So, when eight years later, I find myself working in a women’s fashion and lifestyle magazine in London being around writers, designers, and publishing production; I decided then and there that I would pursue writing and publishing on my return to Australia. I moved to Sydney and knocked on publishing houses’ doors until I secured an editorial assistant job at a medium-sized publisher in Surry Hills. My dream of becoming a published writer began.
HT: What do you write about, and what are the common reactions you’ve had from readers?
HA: What’s happening in my life. Now, I am writing a lot about dementia; my mum is diagnosed with mild dementia, and we are watching her disappear before our eyes. This work usually provides empathy, concern, and deep connection with readers. It is very personal to me.
I have also previously completed creative writing courses and have started the draft of a sci-fi novel, though the universal theme is the love of a father for his family. I have a memoir I would like to write about the grief of my Father passing from cancer and I keep my writing muscle working with submissions to fast fiction and short story competitions.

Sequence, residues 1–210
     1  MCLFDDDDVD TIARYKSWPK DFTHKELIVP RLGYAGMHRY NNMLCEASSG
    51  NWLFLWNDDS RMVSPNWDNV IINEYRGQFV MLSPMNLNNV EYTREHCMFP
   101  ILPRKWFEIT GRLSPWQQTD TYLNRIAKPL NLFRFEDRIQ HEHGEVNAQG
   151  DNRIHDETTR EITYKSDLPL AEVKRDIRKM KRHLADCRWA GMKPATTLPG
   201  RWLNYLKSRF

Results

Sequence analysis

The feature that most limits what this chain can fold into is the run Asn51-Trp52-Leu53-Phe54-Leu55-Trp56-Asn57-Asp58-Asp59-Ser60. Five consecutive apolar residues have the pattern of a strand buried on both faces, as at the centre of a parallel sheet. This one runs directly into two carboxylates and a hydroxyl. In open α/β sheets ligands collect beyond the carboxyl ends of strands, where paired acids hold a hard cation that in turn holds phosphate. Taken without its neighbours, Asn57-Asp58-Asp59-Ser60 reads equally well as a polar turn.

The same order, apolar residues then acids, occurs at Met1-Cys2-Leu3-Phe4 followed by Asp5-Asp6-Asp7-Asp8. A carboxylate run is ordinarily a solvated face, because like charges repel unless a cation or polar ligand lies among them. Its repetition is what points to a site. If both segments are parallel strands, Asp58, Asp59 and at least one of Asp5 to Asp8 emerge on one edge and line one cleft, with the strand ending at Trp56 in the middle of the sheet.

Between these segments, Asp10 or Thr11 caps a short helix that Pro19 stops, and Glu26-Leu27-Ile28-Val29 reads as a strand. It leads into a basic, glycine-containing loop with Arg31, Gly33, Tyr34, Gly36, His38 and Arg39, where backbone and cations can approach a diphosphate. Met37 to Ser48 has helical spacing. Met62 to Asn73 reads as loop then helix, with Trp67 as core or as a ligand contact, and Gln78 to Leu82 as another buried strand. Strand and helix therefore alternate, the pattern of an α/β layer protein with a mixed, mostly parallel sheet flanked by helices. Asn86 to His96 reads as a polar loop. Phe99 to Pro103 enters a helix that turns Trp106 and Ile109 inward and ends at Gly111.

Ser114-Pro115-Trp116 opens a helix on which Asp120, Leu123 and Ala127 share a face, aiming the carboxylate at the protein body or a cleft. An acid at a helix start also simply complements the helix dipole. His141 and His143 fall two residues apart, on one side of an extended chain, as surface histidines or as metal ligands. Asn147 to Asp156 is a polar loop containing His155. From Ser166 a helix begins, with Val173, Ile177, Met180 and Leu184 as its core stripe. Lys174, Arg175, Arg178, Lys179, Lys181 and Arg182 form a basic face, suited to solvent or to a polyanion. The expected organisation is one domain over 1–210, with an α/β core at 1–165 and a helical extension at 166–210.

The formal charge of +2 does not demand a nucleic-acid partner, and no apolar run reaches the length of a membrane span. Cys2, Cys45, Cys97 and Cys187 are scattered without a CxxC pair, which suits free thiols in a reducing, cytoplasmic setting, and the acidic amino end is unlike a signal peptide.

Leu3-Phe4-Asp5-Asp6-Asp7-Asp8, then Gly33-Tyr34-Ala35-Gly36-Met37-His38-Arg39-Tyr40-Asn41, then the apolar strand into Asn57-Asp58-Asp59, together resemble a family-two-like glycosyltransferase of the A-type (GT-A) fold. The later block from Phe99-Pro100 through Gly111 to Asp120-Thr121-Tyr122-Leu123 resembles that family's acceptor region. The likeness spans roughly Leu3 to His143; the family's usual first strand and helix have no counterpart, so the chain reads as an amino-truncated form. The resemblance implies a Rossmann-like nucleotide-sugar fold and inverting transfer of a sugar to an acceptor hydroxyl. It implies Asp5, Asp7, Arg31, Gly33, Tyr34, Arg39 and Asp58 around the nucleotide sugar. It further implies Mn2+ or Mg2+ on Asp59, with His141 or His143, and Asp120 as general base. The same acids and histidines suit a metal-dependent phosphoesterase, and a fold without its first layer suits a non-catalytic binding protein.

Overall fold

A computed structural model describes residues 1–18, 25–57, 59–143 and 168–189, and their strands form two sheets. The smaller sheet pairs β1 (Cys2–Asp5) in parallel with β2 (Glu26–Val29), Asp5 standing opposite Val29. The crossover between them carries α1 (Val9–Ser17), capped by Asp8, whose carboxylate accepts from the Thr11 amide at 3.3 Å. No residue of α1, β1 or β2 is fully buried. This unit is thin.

My common themes are around grief and family; about being mixed-race growing up in a “multi-cultural” society; around race relations, misogyny, and intersectionality; and LGBTQI rights … hell, human rights! I’m always looking for universal themes, stories that connect us all, or can give different perspectives to those open to learning.
HT: What piece of writing of yours are you most proud of, and can you briefly outline its message and its significance to you?